Stages of Change

Once upon a time there were two researchers, Prochaska & DiClemente. (If you can’t already tell, I’m in a bit of a silly mood at the moment.) They were smart people who did research and read other people’s research and put it all together back in 1983 to come up with their Stages of Change model. This model is used heavily in the treatment of addictions but can also be applied to things like the treatment of anxiety and depression…or almost anything really, where change is involved. What they so wisely realized, when it came to making a change in one’s life, was that in addition to understanding the human mind and what can help it to change, you also need to be aware of the person’s readiness to actually do the work to make the change that they are looking for. The stages are Pre-Contemplation (when you don’t even have the desire to make a change), Contemplation (when you recognize that there is a problem and you are starting to consider if you want to make a change), Preparation (when you are starting to gather the resources and information you might need to help you make this change), Action (actively working on making the change happen), and Maintenance (you’ve made the change and can finally start to not work so hard on it, but there may still be some things you need to do to keep this positive change in place).

The Stages of Change model can help us to be patient with ourselves. It can help us to recognize how really ready we (or someone we care about) might actually be to make a significant change in our life. And, it can help us to realize what steps we can take to get ourselves closer to being ready to make this change. There is a therapeutic approach, Motivational Interviewing, that is also heavily rooted in the treatment of addictions but that can be applied in all sorts of other places. Motivational Interviewing is a technique that helps therapists, parents, even friends, to be accepting of the stage of change that a person is in at this moment, and being able to work with them (rather than battle with them) to explore small steps that they might feel comfortable with doing that will get them closer to being ready for change. (I plan to make a post on that at some point but for now, I leave you with doing an internet search.)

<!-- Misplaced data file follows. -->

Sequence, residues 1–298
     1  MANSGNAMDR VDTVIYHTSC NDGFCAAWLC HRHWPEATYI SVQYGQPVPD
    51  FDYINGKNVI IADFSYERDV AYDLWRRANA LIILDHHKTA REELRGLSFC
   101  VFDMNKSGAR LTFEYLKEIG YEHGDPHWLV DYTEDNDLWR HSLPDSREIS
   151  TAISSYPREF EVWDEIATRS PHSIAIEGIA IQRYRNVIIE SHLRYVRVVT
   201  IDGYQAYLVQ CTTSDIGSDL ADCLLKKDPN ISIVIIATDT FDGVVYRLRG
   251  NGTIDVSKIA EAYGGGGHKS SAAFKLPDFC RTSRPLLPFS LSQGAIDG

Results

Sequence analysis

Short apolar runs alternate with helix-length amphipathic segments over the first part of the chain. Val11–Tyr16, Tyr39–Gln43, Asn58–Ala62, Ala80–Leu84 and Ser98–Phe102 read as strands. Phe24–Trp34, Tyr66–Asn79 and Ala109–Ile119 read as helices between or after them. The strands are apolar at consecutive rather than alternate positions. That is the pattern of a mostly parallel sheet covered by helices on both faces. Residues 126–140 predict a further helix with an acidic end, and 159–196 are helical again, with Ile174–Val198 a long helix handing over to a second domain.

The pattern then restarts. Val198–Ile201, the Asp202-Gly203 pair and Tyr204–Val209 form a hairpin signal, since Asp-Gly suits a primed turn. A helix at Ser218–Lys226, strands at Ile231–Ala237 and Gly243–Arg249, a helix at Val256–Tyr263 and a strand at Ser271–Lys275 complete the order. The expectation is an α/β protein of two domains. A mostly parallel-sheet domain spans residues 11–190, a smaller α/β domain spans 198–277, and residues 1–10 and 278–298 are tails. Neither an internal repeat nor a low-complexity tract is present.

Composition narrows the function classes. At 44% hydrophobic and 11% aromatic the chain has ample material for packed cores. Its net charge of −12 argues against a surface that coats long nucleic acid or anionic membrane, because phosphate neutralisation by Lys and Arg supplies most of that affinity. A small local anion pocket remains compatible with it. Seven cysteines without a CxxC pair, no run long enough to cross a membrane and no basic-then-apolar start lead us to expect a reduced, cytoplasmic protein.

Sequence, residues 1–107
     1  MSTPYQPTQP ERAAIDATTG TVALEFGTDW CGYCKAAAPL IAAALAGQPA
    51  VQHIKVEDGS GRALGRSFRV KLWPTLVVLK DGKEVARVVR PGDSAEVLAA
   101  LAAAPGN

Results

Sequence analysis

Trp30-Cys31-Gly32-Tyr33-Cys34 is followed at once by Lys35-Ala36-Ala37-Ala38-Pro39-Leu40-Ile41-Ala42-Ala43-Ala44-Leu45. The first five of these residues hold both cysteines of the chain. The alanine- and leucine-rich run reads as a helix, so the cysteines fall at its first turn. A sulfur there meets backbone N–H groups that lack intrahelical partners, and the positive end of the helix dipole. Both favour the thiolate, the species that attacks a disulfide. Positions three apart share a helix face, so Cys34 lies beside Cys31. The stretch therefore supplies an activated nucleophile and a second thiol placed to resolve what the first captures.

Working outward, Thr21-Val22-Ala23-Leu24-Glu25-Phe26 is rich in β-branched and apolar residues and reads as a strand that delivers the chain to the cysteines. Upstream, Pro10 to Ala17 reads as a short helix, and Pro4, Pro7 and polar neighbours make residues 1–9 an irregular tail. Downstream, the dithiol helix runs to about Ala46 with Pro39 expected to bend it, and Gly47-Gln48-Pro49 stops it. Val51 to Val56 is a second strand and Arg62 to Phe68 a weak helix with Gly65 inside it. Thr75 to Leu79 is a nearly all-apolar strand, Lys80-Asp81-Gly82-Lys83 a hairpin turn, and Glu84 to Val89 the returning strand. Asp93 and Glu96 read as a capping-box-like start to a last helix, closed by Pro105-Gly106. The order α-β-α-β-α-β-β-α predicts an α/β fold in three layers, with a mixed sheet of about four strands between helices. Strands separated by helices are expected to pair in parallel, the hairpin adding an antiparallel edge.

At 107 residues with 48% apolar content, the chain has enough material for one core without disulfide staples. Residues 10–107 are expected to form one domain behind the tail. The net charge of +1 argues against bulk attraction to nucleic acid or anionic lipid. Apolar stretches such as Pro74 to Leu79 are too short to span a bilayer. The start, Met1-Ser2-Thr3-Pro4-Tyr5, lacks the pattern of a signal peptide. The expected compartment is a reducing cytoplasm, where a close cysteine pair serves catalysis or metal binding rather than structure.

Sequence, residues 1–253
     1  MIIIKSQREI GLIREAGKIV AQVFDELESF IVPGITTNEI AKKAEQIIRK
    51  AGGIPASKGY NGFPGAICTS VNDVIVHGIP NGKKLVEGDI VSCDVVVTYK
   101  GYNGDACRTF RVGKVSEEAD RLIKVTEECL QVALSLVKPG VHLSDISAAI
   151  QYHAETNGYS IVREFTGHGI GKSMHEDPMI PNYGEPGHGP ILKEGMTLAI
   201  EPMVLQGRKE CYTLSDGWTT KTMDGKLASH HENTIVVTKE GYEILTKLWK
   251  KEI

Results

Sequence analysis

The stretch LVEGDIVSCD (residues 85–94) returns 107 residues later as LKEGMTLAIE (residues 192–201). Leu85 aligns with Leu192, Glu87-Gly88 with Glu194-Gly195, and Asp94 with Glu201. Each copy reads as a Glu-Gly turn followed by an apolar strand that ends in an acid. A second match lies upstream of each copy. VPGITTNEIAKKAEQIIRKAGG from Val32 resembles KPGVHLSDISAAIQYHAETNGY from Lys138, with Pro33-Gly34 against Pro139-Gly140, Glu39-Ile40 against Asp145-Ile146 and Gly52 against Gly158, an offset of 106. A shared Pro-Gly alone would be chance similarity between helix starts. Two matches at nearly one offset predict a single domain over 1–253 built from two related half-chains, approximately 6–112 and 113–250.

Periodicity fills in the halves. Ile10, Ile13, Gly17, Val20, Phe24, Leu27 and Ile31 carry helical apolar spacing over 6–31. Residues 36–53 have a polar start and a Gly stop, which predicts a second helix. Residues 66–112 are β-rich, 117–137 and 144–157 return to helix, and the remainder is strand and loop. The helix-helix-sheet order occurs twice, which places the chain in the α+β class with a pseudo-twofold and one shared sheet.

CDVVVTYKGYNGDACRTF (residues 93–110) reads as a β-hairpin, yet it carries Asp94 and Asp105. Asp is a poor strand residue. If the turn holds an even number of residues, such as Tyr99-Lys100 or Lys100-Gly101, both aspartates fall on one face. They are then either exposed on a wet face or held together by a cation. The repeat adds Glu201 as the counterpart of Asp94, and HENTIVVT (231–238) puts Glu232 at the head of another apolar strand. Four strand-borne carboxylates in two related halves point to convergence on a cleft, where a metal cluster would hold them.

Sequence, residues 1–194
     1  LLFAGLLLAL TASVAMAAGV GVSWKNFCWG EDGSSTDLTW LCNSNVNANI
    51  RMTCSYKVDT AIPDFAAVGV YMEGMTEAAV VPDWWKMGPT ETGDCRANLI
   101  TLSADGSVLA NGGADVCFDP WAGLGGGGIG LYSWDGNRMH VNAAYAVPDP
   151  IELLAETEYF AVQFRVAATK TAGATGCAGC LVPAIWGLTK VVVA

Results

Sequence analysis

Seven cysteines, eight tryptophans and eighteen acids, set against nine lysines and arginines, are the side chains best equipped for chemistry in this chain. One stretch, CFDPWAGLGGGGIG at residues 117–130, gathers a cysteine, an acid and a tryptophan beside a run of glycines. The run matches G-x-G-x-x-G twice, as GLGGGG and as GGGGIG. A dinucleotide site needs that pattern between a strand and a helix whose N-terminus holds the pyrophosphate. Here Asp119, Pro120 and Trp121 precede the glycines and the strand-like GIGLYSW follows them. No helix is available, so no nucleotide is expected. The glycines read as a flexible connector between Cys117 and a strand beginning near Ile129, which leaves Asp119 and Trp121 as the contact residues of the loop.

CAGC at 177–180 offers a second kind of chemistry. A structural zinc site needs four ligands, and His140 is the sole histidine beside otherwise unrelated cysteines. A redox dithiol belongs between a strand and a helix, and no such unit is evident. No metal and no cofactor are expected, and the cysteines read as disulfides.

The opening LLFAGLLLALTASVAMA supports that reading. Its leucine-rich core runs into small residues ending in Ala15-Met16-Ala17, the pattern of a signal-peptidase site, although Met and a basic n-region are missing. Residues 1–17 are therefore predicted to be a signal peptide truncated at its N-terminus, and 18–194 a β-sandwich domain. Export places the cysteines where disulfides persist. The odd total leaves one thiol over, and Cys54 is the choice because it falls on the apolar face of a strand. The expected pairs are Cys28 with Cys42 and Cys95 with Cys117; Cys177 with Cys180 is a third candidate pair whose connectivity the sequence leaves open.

Below is an illustration of these stages. I like this illustration in particular because it’s drawn with a spiral rather than in a linear way. This is because there are no rules about the actual order we need to go in as we head towards change. And, sometimes, we even go backwards to an “earlier” level.

Wise Minded Parenting: 7 Essentials for Raising Successful Tweens + Teens by Laura Kastner, PhD

Wise Minded ParentingDr. Kastner is a developmental psychologist, which means that she is very well acquainted with what research tells us about how the brain grows and learns across the lifespan.  She is a colleague of Dr. Marsha Linehan (the founder of Dialectical Behavioral Therapy) and combines the powerful, research validated work of Dr. Linehan with her own vast knowledge of children.  This book is the result.  It is one that I haven’t read yet but it’s joining my “to read” pile.  I decided to put it up on the site now, before having read it personally, because I have recently seen a video of Dr. Kastner speaking publicly and I think she has a wonderful, informed approach AND communicated these thoughts in an understandable manner.  Not only do I suspect that this will be a very helpful resource for any parent, my hope is that this book will particularly make a great companion to Parenting a Child Who Has Intense Emotions: Dialectical Behavior Therapy Skills to Help Your Child Regulate Emotional Outbursts and Aggressive Behaviors by Pat Harvey, ACSW, LCSW-C.  Reviews indicate that Dr.Kastner gives lots of concrete examples of things to say and do when intervening with your child.  If you want to hear more from Dr. Kastner, jump on over to Teen Extremes: Regulating Moods in the Age of Anxiety with Dr. Marsha Linehan & Dr. Laura Kastner.  Her talk starts around the 40 minute mark.

Getting to Calm: Cool-Headed Strategies for Parenting Tweens + Teens by Laura S. Kastner PhD & Jennifer Wyatt, PhD

getting to calmI intend to get around to reading this myself.  My “to read” book pile is quite high at the moment.  So many wonderful ideas, so little time!  However, on surface glance, it appears that it would be a quality resource to recommend to parents who are in the throws of struggling with their excessively moody teen.

Teen Extremes: Regulating Moods in the Age of Anxiety with Dr. Marsha Linehan & Dr. Laura Kastner